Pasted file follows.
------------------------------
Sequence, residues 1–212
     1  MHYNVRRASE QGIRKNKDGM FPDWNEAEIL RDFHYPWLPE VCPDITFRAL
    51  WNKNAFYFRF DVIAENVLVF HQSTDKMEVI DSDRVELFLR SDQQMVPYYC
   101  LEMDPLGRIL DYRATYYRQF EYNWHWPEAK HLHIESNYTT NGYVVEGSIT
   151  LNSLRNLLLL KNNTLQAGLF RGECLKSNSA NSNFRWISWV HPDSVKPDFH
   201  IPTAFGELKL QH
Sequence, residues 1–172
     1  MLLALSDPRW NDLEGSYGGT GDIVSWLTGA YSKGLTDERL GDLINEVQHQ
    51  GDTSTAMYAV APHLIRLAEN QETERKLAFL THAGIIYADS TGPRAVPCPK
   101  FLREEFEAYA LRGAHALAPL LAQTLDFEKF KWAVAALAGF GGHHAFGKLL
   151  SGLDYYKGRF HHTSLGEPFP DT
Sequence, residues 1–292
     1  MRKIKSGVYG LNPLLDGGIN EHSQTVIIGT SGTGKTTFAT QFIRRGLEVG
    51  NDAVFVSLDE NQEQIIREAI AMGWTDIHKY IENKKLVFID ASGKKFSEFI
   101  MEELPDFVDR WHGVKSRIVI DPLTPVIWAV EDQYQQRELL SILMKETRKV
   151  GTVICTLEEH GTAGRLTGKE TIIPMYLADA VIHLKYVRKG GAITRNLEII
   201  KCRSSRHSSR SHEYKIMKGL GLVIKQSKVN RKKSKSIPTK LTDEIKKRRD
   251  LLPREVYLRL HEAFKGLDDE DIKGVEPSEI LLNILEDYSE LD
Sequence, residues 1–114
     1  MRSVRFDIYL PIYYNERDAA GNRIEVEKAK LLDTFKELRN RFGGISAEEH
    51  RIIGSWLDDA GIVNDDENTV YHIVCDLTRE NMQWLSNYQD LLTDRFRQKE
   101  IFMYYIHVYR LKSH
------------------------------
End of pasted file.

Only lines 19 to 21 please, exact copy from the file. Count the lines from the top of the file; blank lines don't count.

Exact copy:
Sequence, residues 1–114
     1  MRSVRFDIYL PIYYNERDAA GNRIEVEKAK LLDTFKELRN RFGGISAEEH
    51  RIIGSWLDDA GIVNDDENTV YHIVCDLTRE NMQWLSNYQD LLTDRFRQKE